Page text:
Love Like Jesus?


“What if instead of trying to defend our religious rights, Christians concerned themselves with siding with others whose rights are routinely trampled? What if instead of trying to legally make life more difficult for gays, we worried only about how we could affirm their unsurpassable worth in service to them? … What if we just *did* the kingdom?” Greg Boyd, The Myth of a Christian Nation

Sounds a whole lot like Jesus, here. Sounds like what he told us and what he did. He affirmed people’s unsurpassable worth by healing them, chasing away their accusers, dumbfounding their attackers. Jesus loved without stratifying… unless you count the prideful, rule-enforcers… those he wasn’t too lovey-dovey.

Jesus never made the common people’s life harder. He didn’t cite any rules to curtail people’s sin; he gave them life to curtail their death. He said, “Whoever believes in me will do the works I have been doing.” Okay, I am not even sure what he means by that statement — it’s pretty exciting to imagine what he might have meant, how much life that could usher in. But I’ll tell you this: this trying to legally make life more difficult for gays, that is NOT what he meant.

Jesus was full of miracles and power to love others and care for others — the very thing he gave us to do. Nowhere, nowhere does he tell us to use the legal system to make life harder for people in this way.

The kingdom he was talking about was about loving and embracing and being there for each other.

Reminds me of John Wimber saying, “Just do the stuff!”

“Shortly after John Wimber became a Christian, he became a voracious Bible reader. The Scriptures excited him. Finally, after weeks of reading about life-transforming miracles in the Bible and attending boring church services, John asked one of the lay leaders, “When do we get to do the stuff?”

“What stuff?” asked the leader. “You know, the stuff here in the Bible,” said John. “You know, like stuff Jesus did-raising people from the dead, healing the blind and the paralyzed.  You know, that stuff.”

“Well, we don’t do that anymore,” the man said.  “You don’t? Well what do you do?” asked John.

“What we did this morning,” replied the man.  In frustration, John responded: “For that I gave up drugs?”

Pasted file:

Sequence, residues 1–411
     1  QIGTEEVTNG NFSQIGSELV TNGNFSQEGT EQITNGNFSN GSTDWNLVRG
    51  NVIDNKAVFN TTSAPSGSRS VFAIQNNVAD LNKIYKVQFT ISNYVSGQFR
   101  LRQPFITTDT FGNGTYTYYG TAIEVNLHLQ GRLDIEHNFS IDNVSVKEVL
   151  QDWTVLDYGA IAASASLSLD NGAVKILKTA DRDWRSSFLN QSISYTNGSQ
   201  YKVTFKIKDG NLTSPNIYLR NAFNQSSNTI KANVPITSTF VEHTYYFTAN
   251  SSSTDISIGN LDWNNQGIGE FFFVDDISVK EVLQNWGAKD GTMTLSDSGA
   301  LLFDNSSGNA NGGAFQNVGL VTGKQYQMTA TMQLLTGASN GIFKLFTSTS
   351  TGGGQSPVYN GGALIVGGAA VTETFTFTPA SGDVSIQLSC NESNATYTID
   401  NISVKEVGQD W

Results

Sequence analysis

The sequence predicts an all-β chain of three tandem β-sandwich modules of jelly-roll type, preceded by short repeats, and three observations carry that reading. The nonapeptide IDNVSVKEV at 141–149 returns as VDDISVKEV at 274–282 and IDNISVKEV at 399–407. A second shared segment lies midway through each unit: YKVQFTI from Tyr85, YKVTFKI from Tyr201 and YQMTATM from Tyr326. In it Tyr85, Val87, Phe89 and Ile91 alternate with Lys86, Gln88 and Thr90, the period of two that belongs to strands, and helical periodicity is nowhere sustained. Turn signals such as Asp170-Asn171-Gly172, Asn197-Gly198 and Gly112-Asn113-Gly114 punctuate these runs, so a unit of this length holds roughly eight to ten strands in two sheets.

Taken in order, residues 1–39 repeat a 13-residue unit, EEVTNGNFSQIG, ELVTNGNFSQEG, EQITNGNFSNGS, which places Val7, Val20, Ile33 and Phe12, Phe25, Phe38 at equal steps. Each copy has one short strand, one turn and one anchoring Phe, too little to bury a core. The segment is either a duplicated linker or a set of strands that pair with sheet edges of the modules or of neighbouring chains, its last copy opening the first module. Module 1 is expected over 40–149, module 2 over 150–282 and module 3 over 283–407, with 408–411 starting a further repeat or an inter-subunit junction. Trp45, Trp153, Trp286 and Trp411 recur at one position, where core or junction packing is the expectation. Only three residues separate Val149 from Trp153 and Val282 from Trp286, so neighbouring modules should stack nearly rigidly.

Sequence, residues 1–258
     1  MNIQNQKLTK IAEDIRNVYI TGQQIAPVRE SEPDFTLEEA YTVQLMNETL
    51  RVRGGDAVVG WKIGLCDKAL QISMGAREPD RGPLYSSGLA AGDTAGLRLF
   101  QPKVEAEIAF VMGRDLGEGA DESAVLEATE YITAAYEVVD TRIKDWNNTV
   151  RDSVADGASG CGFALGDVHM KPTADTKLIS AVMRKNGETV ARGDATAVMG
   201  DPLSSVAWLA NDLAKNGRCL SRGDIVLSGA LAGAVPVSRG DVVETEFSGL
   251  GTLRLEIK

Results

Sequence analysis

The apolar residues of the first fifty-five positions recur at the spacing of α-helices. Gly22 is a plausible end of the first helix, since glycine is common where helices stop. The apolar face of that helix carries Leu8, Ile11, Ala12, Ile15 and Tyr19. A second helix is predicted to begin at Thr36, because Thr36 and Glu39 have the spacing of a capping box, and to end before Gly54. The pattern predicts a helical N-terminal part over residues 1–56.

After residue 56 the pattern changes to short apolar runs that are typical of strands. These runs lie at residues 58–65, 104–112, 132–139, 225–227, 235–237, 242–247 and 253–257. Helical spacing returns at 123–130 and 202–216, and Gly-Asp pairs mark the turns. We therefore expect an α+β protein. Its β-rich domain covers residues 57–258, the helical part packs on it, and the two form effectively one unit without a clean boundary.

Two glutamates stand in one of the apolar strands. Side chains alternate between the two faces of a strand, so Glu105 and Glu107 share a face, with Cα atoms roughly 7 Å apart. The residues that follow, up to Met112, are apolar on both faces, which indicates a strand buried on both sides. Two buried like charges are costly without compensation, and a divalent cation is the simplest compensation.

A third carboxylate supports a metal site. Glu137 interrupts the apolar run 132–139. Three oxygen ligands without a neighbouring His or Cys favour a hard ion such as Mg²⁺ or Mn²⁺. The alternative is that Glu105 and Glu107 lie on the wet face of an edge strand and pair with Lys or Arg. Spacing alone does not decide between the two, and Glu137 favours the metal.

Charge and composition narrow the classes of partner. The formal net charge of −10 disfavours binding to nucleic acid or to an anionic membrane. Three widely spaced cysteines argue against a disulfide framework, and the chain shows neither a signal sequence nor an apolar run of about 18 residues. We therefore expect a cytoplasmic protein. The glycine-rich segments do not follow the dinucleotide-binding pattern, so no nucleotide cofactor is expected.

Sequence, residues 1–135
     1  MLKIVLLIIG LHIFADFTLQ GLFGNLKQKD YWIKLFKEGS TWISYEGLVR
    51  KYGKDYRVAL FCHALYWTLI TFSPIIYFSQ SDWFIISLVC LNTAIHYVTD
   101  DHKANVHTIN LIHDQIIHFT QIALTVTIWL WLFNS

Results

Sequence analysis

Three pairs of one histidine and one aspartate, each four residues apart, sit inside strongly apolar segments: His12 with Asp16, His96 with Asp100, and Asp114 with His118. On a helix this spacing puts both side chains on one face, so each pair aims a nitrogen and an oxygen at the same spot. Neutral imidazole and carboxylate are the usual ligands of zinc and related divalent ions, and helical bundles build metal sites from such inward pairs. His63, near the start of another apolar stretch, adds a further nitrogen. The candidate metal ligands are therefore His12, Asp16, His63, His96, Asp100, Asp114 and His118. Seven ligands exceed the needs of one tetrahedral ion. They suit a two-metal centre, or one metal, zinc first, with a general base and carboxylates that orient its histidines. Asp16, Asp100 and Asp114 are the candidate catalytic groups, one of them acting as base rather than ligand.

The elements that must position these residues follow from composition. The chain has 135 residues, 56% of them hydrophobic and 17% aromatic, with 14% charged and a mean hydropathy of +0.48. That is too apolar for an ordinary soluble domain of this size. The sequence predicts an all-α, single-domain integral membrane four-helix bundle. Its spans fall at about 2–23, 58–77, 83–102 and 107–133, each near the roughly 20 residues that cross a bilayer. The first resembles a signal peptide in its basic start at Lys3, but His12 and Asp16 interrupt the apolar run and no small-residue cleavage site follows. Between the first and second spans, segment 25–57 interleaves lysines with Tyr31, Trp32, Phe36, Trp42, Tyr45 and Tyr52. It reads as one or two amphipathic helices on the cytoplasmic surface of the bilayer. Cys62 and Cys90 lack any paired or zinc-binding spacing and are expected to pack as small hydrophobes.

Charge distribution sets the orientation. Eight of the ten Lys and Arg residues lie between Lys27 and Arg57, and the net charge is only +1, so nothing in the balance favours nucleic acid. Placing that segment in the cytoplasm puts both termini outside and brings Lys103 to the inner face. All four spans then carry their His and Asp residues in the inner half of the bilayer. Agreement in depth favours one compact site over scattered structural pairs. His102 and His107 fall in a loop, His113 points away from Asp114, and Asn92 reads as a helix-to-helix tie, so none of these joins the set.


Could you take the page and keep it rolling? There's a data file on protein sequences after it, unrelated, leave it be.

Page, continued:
Like so many of us, John was taught by example that the contemporary Christian life was radically disconnected from the power and awesomeness of the Scriptures.  Throughout the remainder of his ministry, however, he proved that the disconnection was unnecessary.”

What might the world look like if we just did what Jesus asked us?

What if we just did the kingdom?

What if we would just do the stuff??

11 thoughts on “Love Like Jesus?

  1. After coming out just 4 years ago, I have to say the thing I miss most is church and being part of a community of believers. In being honest to myself, I lost my Christian family. It’s been a tough ride.

  2. Would love YOUR take (yours and Susans) take on the recent ‘religious freedom’ act stuff. The one where certain employers can now withhold contraceptives from their employees. You mention ‘rights being trampled’. Do you believe the rights of certain Christians are being trampled?

    • Those whose “rights are being trampled” in the quote above are LGBTQ people who are denied marriage under the law, and that is the spirit in which I am using it. Our (religious) “rights” include personal freedom to live, speak and act as we choose, and that freedom necessarily ends where another’s begins, meaning we do not have the right to tell others how to live, speak and act.

      Christians in this country enjoy religious rights, because no one is being arrested for their beliefs, for speaking the gospel, for reading the bible. In many parts of the world Christians’ rights are trampled because they are imprisoned or executed for their beliefs. I am pointedly not political on my blog; it’s not what I do. But I take example from Jesus who, when asked whether to pay tax, first pointed out that just by carrying those coins (with a graven image and divine title of Caesar), the Jews were already breaking the first two commandments.

      Jesus’ beautiful answer was to give Caesar what is Caesar’s, and give God (in whose likeness WE are made) what is due God. He did NOT say, you don’t have to pay the tax, because to do so you have to go against your conscience; he said pay it, and give the rest of yourselves to God! I have not yet written about this, though I have wanted to, but I found an article that expresses my thoughts very nicely.

  3. 🙂 I am from the deep Southern Baptist south, where the (most) finest of church folks are also the most racist homophobic, holier-than-thou bigots a person could ever know. It took a few years but I quit the visible church and haven’t been back. All I can say is, “forgive them father, for they know not what they do”.

  4. I love this. I have lived this sometimes during my life … and every time I let go of it, I find myself wandering a barren wasteland. What you have written here is a powerful reminder that following Christ can be such a simple matter, if we only do what he did, one choice and interaction at a time.

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